Lloyd’s of London is set to stay in its iconic City of London headquarters until at least 2031, according to new reports that quell rumours the insurer had been planning to leave its purpose-built tower in 2026.
There is now “zero chance” the insurer will trigger the lease break clause in its contract with its landlord, Ping An, that would allow the firm to exit the building by 2026, sources familiar with the matter told the Financial Times.
Talk of Lloyd’s departure from its Grade I listed HQ first emerged in January, after Covid-19 lockdowns forced brokers to work from home.
Increased digitalization of Lloyd’s business subsequently raised questions as to whether the building had a role to play going forwards, as the return to the office remained slow in the months following the end of Covid-19.
At the time, the firm said it was “considering a range of options” around its “workspace strategy” and “future leasing arrangements,” as it sought to “adapt to new structures and flexible ways of working”.
It was reported that Lloyd’s could break its lease with Chinese insurer Ping An, which bought the Lloyd’s building for £260m in 2013, by triggering a lease break clause to exit in 2026.
However, sources speaking to the Financial Times said Lloyds is now in talks to extend its lease with Ping An beyond the 2031 deadline, with a view to securing a deal with its landlord by the end of the fourth quarter of 2022.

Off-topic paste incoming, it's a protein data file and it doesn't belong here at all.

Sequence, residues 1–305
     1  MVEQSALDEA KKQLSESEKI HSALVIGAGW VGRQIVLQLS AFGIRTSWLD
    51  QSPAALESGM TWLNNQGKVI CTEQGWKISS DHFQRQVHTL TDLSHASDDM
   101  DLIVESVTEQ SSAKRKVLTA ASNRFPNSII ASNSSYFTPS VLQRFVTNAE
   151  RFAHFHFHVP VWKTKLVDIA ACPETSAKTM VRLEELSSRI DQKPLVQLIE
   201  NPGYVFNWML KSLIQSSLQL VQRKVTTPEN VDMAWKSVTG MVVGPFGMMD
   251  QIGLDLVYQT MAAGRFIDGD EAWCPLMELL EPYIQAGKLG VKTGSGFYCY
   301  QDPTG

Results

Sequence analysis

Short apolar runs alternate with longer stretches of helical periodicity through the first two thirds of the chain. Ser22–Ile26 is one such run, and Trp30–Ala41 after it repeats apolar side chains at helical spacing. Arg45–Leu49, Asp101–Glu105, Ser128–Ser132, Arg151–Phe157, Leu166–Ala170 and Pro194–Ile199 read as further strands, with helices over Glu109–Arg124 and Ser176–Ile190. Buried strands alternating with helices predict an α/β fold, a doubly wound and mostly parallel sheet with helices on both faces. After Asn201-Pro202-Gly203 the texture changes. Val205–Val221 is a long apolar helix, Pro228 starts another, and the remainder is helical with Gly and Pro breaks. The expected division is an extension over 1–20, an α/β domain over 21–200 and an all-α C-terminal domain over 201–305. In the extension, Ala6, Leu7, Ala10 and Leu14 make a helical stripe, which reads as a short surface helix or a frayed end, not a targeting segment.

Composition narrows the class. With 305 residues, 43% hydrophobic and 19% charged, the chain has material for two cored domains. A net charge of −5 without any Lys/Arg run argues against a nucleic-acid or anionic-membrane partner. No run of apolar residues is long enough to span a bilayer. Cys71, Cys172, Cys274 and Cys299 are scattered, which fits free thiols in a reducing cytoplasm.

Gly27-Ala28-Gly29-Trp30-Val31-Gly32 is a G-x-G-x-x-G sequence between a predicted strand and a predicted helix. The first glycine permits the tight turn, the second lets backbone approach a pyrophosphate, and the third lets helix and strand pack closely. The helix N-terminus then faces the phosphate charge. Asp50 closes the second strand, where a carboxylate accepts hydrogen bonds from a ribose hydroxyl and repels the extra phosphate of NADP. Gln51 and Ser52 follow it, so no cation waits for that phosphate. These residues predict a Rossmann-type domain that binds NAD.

The firm is also considering plans to modernize the underwriting room, by adding in sofas, and making the space more user friendly.
Lloyd’s decision to say comes as vote of confidence in the City and signals the insurer’s belief that face-to-face dealmaking will continue to play a vital role.
The building itself, designed by British architect Richard Rogers, has value as an advert for Lloyd’s business, due its status as an icon of the City of London.
The news comes after Ping An last month brought architects into the Lloyd’s building to come up with ideas as to what to do with it if Lloyd’s decided to leave.
The Chinese firm had considered converting the building into a hotel or events space to ensure it would remain commercially viable if Lloyd’s were to end its lease.